REVIEW: ‘King Spawn,’ Issue #8

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King Spawn #8

King Spawn #8 is published by Image Comics in association with Todd McFarlane Productions. It’s written by Sean Lewis (with Todd McFarlane providing additional dialogue), illustrated by Javier Fernandez and Thomas Nachlik of Magnus Arts, colored by FCO Plascencia, and lettered by Andworld Design. Spawn is confronted by the fallen angel known as Black Azrael, who reveals that he has led the Court of Priests—which includes Jason Wynn/Disruptor and the members of Psalms 137—to crown Spawn as their new king and unlock the Dead Zones on Earth. Naturally, the hellish antihero does not take too kindly to this.

What’s drawn me to King Spawn as a title is how Lewis manages to find new takes on the Spawn mythos while also keeping all of the violence and gore that’s been a hallmark of the title for 30 years. Al Simmons became Spawn because he wanted to see his wife Wanda again, and Black Azrael once again offered him that same deal only with a dark twist that could doom all of humanity. And that’s not even including the earth goddess Gaia, who also has designs involving Spawn. Lewis is backed up by McFarlane, who just so happens to be the authority of all things Spawn.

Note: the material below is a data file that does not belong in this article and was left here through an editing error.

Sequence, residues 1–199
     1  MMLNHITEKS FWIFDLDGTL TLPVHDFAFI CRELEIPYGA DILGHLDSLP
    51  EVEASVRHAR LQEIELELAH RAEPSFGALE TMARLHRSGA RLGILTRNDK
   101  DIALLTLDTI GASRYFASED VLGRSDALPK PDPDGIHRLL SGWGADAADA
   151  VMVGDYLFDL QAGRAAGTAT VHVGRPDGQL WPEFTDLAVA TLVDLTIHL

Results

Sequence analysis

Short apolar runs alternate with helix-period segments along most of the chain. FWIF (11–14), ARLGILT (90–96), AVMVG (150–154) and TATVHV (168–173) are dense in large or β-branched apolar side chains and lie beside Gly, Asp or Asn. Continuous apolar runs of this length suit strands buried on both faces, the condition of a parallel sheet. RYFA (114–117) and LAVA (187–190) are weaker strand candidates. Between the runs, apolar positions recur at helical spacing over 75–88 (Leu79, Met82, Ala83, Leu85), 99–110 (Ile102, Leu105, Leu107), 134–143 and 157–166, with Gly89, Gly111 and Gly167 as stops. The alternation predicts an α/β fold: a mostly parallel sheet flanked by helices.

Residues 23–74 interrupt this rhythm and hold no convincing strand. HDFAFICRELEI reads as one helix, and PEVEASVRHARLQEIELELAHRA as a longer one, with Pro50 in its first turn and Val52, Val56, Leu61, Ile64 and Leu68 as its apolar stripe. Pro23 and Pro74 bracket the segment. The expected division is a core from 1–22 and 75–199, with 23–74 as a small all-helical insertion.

It wouldn’t be a Spawn book without some grisly ultraviolence, and Fernandez is joined by Nachlik to deliver that in spades. Whole pages feature Spawn and Azrael battling, and the blows reverberate throughout each page. Azrael hits Spawn with a blast of lightning that shatters concrete and sends him flying. A two-page spread features Spawn laying into Azrael, his mouth contorted into a furious roar while his chains whip around. Nachlik illustrates the last handful of pages, bringing some macabre horror to the realm of Gaia. Said realm is populated by what appears to be a horse comprised purely of decaying muscle and a massive skull fringed with a mane of blood-red skin. Another creature looks composed of earth and rock, towering over everything in its path.

Topping off the art is Plascencia on colors, and he brings something different to each character. Most of Spawn’s scenes are shrouded in red, with the sole exception being the grey around Andworld Design’s word balloons for Simmons. Azrael is lit with a bluish-white glow representing the realm of Heaven. And finally, Gaia’s realm is shrouded in a cold bluish-grey factor, which seems ironic, given that she’s the goddess of Earth and nature. This color not only helps highlight the violence, but it also marks the difference between Heaven and Hell and how both realms continue to cast a shadow over Spawn’s life.

King Spawn #8 reveals a new foe for the hellish antihero while only continuing to pile onto his troubles with the Court of Priests. Every time I think the creators can’t top themselves, they manage to do so, and the last page hints at yet another upheaval in the Spawn mythos, with this one being the biggest yet.

King Spawn #8 is available wherever comics are sold.


King Spawn #8 
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TL;DR

King Spawn #8 reveals a new foe for the hellish antihero while only continuing to pile onto his troubles with the Court of Priests. Every time I think the creators can’t top themselves, they manage to do so, and the last page hints at yet another upheaval in the Spawn mythos, with this one being the biggest yet.